7 February–29 March 2020

Installation view, Ramesch Data: I AM HEALTHY, I CANNOT WRITE THIS LETTER MYSELF Photo: Vincent Entekhabi
Installation view, Ramesch Data: I AM HEALTHY, I CANNOT WRITE THIS LETTER MYSELF Photo: Vincent Entekhabi
Installation view, Ramesch Data: I AM HEALTHY, I CANNOT WRITE THIS LETTER MYSELF Photo: Vincent Entekhabi
Installation view, Ramesch Data: I AM HEALTHY, I CANNOT WRITE THIS LETTER MYSELF Photo: Vincent Entekhabi

The title of this exhibition is taken from a letter, a special letter not to be forgotten. A person is writing with the aim to inform the reader about a physical condition, but with just these two short phrases it is possible to feel a contradiction: someone healthy but unable to write the letter, someone that wants to comfort and reassure the reader but, at the same time, smuggles a reason to be concerned. Let’s zoom out.

History – History with a capital letter – is also related to family and personal documents. Ramesch Daha, born in Teheran in 1971, is an artist based in Vienna. Her artistic practice is related to historical situations and political fights. At her exhibition at Index, Daha presents the result of working four years with documents connected to a member of her family; documents showing imprisonment in Nazi concentration camps (Dachau, Buchenwald and Ravensbrück).

The letter mentioned above was written by Sigmund Klein from Dachau concentration camp in Nazi Germany on the 4th of December 1938. Sigmund Klein was the father of Ramesch Daha’s stepfather. Sigmund Klein was writing to Maria Klein and their son Leopold. Mitzi (Maria Klein) answered all of the letters coming from the concentration camps, but her part of the communication is lost in history. What still remains today – Sigmund’s letters and administrative documents – exists because the fragile side of a world conflict decided that it was important not to forget. It can be devastating for a family to secretly keep the traces from a structural massacre that lead to family members dying in concentration camps, for no other reason than simply being themselves. Probably, on a societal level it is more worrying that those responsible within the State immediately decided that Mitzi’s voice wasn’t something to be kept: we can see only one side of a dialogue, the other one is burned.

Prior to 1938, Sigmund and Maria met, became a couple and got married. They sent postcards to each other; Maria was working as a dressmaker and Sigmund was a tinsmith. The family – working class in Vienna – was quite poor. Sigmund had some tools from his Jewish ancestors (one of them a shoemaker), and was working for a company – Julius Meinl – that later also became the workplace for his son, Leopold. Maria worked from home. They did not live in the center of Vienna, but in district 17. Inflation grew and the political landscape became increasingly problematic. Sigmund lost his job for being a Jew and was taken to a concentration camp. With almost no economic possibilities, Maria tried to find a way to keep him alive (sending him money so he could pay the dentist at the concentration camp, for example) and was trying to gather the money to buy a dream ticket to leave Europe. It didn’t happen. After the camp in Dachau, Sigmund Klein was sent to the concentration camp Buchenwald and later on to the concentration camp Ravensbrück where he was killed in 1942.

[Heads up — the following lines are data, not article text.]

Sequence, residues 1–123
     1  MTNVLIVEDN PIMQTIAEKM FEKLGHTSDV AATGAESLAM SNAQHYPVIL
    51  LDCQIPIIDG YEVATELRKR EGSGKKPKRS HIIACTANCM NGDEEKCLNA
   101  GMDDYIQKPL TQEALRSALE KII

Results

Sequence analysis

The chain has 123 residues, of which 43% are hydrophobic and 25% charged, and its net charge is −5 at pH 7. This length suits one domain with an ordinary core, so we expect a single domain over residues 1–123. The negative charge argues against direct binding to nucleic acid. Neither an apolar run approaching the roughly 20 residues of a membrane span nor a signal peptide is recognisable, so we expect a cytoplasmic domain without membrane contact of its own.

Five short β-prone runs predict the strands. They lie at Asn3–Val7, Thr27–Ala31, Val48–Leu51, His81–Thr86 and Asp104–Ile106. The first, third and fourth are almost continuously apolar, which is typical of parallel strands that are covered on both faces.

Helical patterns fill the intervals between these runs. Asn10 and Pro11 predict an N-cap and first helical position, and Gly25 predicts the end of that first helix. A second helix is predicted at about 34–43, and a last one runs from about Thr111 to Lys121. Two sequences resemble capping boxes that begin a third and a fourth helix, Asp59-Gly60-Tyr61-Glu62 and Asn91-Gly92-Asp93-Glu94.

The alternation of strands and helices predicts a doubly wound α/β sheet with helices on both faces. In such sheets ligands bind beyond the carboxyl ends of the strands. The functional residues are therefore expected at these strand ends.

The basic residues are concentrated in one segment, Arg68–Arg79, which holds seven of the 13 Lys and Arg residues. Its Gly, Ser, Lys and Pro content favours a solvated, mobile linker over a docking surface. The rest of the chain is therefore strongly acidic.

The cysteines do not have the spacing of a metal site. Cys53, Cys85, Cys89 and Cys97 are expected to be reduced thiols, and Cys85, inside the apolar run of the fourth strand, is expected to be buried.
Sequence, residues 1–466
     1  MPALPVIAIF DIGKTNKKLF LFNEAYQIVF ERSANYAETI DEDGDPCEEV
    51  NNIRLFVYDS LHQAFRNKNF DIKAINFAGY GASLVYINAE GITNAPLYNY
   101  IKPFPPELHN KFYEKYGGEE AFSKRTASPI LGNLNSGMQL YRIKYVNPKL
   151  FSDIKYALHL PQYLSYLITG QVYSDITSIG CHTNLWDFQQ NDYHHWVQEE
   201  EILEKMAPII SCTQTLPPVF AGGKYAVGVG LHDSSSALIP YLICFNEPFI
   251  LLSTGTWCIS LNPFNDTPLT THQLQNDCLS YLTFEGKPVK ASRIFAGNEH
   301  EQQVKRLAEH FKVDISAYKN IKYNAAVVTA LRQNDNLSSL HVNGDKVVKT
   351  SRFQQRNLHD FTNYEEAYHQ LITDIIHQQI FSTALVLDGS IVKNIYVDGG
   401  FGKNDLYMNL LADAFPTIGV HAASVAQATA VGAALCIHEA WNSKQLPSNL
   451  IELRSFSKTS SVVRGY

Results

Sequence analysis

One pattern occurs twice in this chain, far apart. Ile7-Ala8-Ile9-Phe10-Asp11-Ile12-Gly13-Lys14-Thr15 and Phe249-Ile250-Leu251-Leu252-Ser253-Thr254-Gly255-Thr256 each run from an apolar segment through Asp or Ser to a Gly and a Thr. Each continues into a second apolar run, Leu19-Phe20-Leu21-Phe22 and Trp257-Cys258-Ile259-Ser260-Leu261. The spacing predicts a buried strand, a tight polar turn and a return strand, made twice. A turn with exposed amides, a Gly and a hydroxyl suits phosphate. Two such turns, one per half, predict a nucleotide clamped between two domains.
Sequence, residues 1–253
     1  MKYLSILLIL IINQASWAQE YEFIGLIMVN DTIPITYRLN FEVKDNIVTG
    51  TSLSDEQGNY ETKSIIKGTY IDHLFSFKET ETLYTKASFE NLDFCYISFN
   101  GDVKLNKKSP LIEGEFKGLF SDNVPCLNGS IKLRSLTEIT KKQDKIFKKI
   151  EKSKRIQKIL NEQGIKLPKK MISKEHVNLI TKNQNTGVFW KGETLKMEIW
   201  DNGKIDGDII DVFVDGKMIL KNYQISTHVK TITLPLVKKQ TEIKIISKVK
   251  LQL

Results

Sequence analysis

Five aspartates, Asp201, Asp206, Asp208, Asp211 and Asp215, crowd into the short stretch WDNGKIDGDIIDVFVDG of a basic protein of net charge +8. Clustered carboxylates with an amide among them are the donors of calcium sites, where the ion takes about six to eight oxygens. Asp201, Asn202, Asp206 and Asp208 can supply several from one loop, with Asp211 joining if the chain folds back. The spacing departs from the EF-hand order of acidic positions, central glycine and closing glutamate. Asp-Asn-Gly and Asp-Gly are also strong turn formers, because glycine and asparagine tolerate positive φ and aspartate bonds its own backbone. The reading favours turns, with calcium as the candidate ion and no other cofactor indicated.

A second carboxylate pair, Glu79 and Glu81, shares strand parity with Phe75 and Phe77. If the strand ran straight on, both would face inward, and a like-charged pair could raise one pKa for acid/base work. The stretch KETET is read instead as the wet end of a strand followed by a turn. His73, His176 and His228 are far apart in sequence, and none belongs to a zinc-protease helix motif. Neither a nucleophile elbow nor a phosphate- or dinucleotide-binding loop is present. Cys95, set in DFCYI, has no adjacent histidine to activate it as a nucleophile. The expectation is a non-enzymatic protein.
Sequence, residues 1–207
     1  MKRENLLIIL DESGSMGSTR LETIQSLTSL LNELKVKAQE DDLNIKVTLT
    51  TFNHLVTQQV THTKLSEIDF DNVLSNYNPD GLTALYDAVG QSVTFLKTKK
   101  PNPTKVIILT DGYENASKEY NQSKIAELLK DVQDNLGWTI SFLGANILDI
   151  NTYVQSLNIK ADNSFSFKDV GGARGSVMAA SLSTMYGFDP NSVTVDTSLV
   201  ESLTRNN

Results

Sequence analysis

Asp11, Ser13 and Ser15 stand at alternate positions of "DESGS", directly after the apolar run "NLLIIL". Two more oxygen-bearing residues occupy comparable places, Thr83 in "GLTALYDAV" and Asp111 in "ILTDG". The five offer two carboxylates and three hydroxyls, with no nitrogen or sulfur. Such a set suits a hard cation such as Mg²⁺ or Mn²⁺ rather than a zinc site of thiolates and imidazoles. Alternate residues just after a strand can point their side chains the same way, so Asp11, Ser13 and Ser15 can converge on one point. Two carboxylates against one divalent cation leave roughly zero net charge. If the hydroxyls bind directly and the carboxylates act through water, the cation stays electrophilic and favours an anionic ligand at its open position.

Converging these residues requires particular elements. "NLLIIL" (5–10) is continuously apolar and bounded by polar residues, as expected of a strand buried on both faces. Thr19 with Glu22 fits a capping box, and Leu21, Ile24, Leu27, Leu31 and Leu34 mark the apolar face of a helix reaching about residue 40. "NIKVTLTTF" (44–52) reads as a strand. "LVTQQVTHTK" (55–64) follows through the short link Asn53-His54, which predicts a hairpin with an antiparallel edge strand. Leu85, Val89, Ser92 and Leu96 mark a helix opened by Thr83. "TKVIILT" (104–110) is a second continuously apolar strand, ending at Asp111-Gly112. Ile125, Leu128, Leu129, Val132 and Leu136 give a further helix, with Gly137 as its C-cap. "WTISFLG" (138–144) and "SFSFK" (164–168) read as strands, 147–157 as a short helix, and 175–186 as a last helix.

Ramesch Daha – the artist of this exhibition at Index – left Iran and another difficult political situation behind when she was 8 years old, to connect with the part of her family with roots in Vienna. There, she spent a lot of time with her grandparents, who had a shop in the city called Elektro Klein which sold televisions, toasters and many other things. The family Klein never talked about Sigmund and Maria, avoiding any possible conversations with a concluding sentence stating that Sigmund died young. Family silences, fear and protection. Leopold had a brown cardboard box with the label “mother, father” but Ramesch Daha got the instructions not to open it before his death because “the dark chapters” were there, as Leopold said. That box defines this exhibition. That box explains the silence. That box has been repeated, observed, painted and drawn by Ramesch Daha, that box became a book, paintings, sound, voices. That box is here in multiple complexities to be explained. Today, the dark chapters.